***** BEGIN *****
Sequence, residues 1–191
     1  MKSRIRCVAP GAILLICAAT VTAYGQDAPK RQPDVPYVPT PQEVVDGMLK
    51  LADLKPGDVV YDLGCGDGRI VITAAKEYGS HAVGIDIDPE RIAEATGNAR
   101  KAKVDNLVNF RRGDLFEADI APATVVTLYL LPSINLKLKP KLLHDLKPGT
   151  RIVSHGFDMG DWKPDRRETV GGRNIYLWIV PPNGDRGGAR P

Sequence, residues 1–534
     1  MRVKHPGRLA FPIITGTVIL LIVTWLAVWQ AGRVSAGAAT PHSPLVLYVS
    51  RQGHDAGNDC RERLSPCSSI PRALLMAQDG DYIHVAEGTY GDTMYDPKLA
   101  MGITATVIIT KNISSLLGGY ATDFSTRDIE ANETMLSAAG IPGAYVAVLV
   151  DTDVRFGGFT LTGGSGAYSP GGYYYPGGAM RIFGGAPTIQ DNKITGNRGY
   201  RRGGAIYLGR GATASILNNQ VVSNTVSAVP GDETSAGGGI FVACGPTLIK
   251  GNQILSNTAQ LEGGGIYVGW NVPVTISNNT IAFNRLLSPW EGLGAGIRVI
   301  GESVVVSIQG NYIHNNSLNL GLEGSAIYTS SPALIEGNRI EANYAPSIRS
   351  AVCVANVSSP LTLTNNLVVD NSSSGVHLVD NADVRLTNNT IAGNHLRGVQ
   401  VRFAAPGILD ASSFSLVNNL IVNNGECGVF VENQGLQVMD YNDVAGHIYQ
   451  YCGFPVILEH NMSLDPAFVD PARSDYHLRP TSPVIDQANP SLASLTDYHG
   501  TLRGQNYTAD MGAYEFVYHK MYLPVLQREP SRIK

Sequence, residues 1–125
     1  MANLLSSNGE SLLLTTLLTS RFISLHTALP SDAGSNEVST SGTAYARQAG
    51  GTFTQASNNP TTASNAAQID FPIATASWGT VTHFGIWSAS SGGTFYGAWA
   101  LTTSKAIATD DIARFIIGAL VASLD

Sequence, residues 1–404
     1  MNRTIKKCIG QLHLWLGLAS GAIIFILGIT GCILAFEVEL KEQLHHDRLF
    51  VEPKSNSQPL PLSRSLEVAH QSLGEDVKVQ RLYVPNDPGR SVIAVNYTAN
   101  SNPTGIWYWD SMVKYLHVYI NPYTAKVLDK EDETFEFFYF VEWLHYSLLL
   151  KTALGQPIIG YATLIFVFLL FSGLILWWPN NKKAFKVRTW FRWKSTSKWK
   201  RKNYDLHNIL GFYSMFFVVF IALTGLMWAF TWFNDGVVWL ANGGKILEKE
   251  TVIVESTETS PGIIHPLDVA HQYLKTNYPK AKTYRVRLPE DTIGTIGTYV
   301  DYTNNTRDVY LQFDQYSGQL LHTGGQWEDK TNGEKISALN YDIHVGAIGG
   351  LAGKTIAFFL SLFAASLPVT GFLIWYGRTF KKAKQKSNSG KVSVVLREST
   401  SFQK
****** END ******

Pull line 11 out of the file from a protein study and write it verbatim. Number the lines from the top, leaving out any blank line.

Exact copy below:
   201  RRGGAIYLGR GATASILNNQ VVSNTVSAVP GDETSAGGGI FVACGPTLIK